Welcome to Mike Grusin's

“This registers an 8.7 on the Badass Scale, as monitored by the scientists of the Institute Of Totally ****ing Awesome.”

Previously on Thinkpad Galactica

Filed under: Uncategorized — mgrusin at 10:02 pm on Tuesday, February 27, 2007

Summary: New Thinkpad comes with a minor factory defect, but getting it fixed escalates into a surprising amount of trouble. All turns out well in the end, though. The whole story after the jump.

12/24/06: Receive shiny new Thinkpad T60p.

1/23/07: Finally realize only one speaker is working (the left one). Call Lenovo. They are very apologetic, arrange for warranty repair.

1/25/07: Empty box arrives. Pack up computer. Call DHL to pick up box.

2/1/07: DHL picks up the box after several no-shows.

2/7/07: Wrong computer returned (DHL’s fault, dropped off wrong but identical box). Mixup cleared up several hours later.

2/7/07: Dead speaker now works, but has obvious problems (consistently pops loundly on mute/unmute, and doesn’t work at all at a specific volume level). Only the repaired speaker has these problems, the left one works fine as it always has. Since the same thing happens in both Windows and Linux, signs point to defective hardware. (Wish I had noticed this before the first service call, but the dead speaker masked the problem.)

2/9/07: Call Lenovo. They are very apologetic, promise to escalate to next level.

2/12/07: Empty box arrives. Pack up computer. Include very specific note about problem, including the instruction to not return it until the problem is solved. Take box to DHL (not messing around with pickup again).

2/13/07: Tracking shows computer arrives at Lenovo service and leaves six hours later.

2/14/07: Repaired computer left on doorstep while I wasn’t home (the first one properly required a signature.) And for some reason, the box is unsealed which is very disturbing.

2/14/07: Power it up, but my heart sinks when I hear the same “pop” from the speaker. Absolutely NOTHING has changed on the computer. There’s a generic “Repair Action Report” included, but nothing indicating what was or wasn’t done and why. I’m livid; I need this laptop operational NOW.

2/14/07: Call Lenovo. Very apologetic. Promise to escalate to next level. I say that’s what was promised the last time. They suggest I speak to a manager. Hold for 30 minutes. No managers available, told manager will call me personally in 24 hours.

2/15/07: 24 hours, no call from manager.

2/16/07: Call Lenovo. Ask to speak to manager. Hold for 5 minutes. No manager available, told my case is now on “hot line” status, they will be calling me. Say they were supposed to call me in 24 hours but didn’t. Now told that they’ll call within 72 hours. Ask for number for “hot line” people. Told that they have no contact information for them. Ask what to do if they don’t call within 72 hours. Told to call back and they’ll escalate it again.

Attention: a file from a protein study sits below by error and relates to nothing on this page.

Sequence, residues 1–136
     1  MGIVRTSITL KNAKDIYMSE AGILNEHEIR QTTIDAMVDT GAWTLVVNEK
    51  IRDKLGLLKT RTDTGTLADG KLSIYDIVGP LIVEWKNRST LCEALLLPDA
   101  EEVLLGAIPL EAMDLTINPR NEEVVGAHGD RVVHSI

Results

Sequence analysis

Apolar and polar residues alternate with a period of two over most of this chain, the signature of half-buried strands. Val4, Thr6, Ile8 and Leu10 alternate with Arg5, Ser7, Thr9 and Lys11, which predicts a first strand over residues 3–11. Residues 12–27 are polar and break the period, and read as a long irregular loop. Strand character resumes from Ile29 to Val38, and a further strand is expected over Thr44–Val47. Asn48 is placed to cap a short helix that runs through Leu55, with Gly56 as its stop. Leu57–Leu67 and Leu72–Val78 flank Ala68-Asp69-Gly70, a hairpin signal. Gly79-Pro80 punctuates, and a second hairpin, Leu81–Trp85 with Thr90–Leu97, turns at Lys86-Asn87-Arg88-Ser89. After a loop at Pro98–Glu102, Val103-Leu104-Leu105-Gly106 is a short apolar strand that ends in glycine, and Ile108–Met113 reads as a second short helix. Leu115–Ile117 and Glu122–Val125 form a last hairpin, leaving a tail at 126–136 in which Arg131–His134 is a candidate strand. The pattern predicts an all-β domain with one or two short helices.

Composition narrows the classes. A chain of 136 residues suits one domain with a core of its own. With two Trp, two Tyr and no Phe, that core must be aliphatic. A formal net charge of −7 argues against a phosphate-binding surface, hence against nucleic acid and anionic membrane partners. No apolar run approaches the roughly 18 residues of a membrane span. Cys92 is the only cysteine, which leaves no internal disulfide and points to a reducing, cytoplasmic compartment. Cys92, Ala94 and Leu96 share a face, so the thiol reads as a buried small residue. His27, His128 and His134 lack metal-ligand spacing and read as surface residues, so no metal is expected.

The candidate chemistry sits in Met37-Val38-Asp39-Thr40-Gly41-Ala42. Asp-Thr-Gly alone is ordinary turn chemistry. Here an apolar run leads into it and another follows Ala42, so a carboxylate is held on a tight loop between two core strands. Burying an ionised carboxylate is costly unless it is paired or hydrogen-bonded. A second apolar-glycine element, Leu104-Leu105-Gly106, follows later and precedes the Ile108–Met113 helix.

2/16/07: “Repaired” speaker fails (I can’t make this stuff up). At least I don’t hear the pop now! (But the problem is still very apparent on headphones).

2/19/07: 72 hours have gone by without a call. Call Lenovo. They put me on hold briefly, then say the person in charge of my case is “unavailable”. I ask for contact information, they say they don’t have it, only his name (“Kier”). I ask what to do. They say to wait for his call. I say he hasn’t called in the timeframe(s) I’ve been given, what if he never calls, am I just stuck? Sounds like it. I ask for suggestions on what to do. They give me the number for the repair center, saying I could call them and see what happened during the repairs. (Aside from the fact that this is someone else’s job, they’ve “repaired” my machine twice and obviously couldn’t fix it, so calling them doesn’t seem like it would be productive.) Am told that when a machine gets sent in for a third time is when it is escalated. (I was previously told this would happen the second time, but once is too much: this should have been caught at the factory.) I mention that I bought a Thinkpad because of its reputation for build and service, but so far I haven’t seen it. Apologies, etc. but they’ve done all they can do (?!). Am now thinking of an end-run to corporate, but I see that the gentleman in charge of American operations recently resigned…

2/21/07: Write letter to the interim head of Lenovo’s US operations, hoping that he’s interested in the state of his company’s service system, and hoping he can get things moving from the top (since I seem to be stuck trying to get things moving from the bottom).